What's changed with Covid-19?
Some procedures for alcohol licensing have been changed by Government orders during the COVID-19 outbreak.
Government has issued an Immediate Modification Order giving Police and Medical Officers of Health extra time to scrutinise new licence applications and renewals. In summary the order makes the following changes:
- For applications received by Police and the Medical Officer of Health during the Epidemic Notice, the starting date for reporting is changed from the date of receipt of the application to the date of the ending of the Epidemic Notice.
- The number of working days for completion of reports will be 30, rather than the 15 currently required.
- Police and the Medical Officer of Health will be required to make a report on every application whereas at present they are not required to if they have no matters in opposition.
The effect of this order is that licensing will be delayed during the period of the epidemic. Provided licence renewal applications are lodged before the expiry of the current licence, businesses will be able to continue to trade. However for new licence applications the delay will impact on start-up.
This order is administered by the Ministry of Justice which has issued information about alcohol licensing during COVID-19 which covers questions about the changes it makes to alcohol licensing, and the licence applications that the Order applies to.
What is a licence to sell alcohol?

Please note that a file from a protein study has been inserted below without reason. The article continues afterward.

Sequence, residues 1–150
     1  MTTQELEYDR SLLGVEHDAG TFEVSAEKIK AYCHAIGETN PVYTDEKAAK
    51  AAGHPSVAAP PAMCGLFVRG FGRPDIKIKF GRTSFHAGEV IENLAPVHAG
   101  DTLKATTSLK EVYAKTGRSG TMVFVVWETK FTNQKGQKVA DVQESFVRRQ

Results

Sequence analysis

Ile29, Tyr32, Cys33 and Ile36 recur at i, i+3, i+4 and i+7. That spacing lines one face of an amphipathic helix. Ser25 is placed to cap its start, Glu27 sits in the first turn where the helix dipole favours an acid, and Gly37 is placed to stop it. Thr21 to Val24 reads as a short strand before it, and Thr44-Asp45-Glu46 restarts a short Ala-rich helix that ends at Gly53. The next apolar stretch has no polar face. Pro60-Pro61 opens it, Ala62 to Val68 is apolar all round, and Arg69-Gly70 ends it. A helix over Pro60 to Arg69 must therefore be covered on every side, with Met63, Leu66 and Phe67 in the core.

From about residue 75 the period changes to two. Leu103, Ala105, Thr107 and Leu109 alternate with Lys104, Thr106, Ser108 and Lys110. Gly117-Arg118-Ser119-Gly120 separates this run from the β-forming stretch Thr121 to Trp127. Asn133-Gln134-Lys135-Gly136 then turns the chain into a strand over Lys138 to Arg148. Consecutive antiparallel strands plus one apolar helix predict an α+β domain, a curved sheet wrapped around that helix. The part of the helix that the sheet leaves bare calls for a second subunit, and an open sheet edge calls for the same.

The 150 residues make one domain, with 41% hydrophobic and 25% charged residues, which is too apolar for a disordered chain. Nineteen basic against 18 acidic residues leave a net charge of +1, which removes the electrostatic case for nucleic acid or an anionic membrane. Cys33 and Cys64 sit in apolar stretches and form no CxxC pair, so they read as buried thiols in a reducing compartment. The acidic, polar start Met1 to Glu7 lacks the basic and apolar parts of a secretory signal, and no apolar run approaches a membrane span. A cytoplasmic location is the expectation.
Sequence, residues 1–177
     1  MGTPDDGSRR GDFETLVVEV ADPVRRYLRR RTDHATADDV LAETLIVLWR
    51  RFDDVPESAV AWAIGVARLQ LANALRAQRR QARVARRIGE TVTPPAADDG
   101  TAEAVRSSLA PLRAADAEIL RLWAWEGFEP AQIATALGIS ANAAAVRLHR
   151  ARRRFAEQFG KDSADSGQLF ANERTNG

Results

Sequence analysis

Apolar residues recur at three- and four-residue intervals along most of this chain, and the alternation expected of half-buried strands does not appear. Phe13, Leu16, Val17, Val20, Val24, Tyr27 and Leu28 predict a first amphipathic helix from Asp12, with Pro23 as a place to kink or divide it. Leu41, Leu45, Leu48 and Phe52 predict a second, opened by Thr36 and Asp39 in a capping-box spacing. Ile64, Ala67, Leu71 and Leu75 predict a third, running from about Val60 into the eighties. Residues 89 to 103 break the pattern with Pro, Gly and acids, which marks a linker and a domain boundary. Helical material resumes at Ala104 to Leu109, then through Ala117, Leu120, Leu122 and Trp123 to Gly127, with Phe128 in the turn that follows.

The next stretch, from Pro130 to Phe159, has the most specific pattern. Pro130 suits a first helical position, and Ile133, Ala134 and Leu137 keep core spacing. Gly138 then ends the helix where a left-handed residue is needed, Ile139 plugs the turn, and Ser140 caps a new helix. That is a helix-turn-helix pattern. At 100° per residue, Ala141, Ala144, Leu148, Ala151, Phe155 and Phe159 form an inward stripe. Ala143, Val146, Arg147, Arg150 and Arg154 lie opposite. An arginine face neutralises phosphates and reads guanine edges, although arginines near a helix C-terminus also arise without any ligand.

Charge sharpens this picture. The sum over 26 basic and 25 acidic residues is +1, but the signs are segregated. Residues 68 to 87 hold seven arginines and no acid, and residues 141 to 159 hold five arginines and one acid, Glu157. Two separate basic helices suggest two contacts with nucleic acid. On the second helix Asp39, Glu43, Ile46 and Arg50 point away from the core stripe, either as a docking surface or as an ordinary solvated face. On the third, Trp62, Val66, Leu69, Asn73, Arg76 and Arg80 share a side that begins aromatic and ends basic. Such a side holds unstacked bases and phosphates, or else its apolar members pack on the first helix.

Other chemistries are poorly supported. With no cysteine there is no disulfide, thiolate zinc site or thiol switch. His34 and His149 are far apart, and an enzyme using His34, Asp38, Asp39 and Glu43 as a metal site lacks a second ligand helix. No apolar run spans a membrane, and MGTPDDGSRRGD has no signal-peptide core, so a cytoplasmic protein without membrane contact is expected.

Sale of alcohol to the public requires the seller to have a licence. There are four types of licence:
- On-licence (eg, pub, tavern, hotel, restaurant, cafe, bar, entertainment venue, train, plane) allows the sale or supply of alcohol for consumption on the premises.
- Off-licence (eg, bottle store, supermarket) allows the sale or supply of alcohol for consumption off the premises.
- Club licence (eg, sports club, RSA, working men's club) allows the sale or supply of alcohol for consumption on the club premises to members of the club, their guests and members of other clubs with reciprocal visiting rights.
- Special licence (eg, for a food and wine festival, wedding in a council hall etc) allows the sale or supply of alcohol to anyone attending an event, private function, street party, sporting event. Special licences can be either ‘on-site’ for consumption on the premises, or ‘off-site’ for consumption elsewhere.
An on-licence, off-licence, or club licence is granted initially for one year and then can be renewed every three years. Special licences are granted per event or for a series of events.
It allows the licensee to sell alcohol according to the conditions of the licence. Conditions cover such things as:
- who alcohol can be sold to
- the hours and days alcohol can be sold
- who is allowed on the premises
- the range of food, non-alcohol and low-alcohol drinks to be provided
- provision of information about alternative transport arrangements.
There are requirements that may not be included on a licence but must nevertheless be adhered to. It is against the law for a licensee or their staff to sell alcohol to anyone who is intoxicated, to allow a person to become intoxicated, or to serve alcohol to anyone under the age of 18 years. There are heavy penalties for these offences.
If you're working in the hospitality sector as a licensee, manager or bar staff, Te Hiringa Hauora has a range of useful resources you can download or order.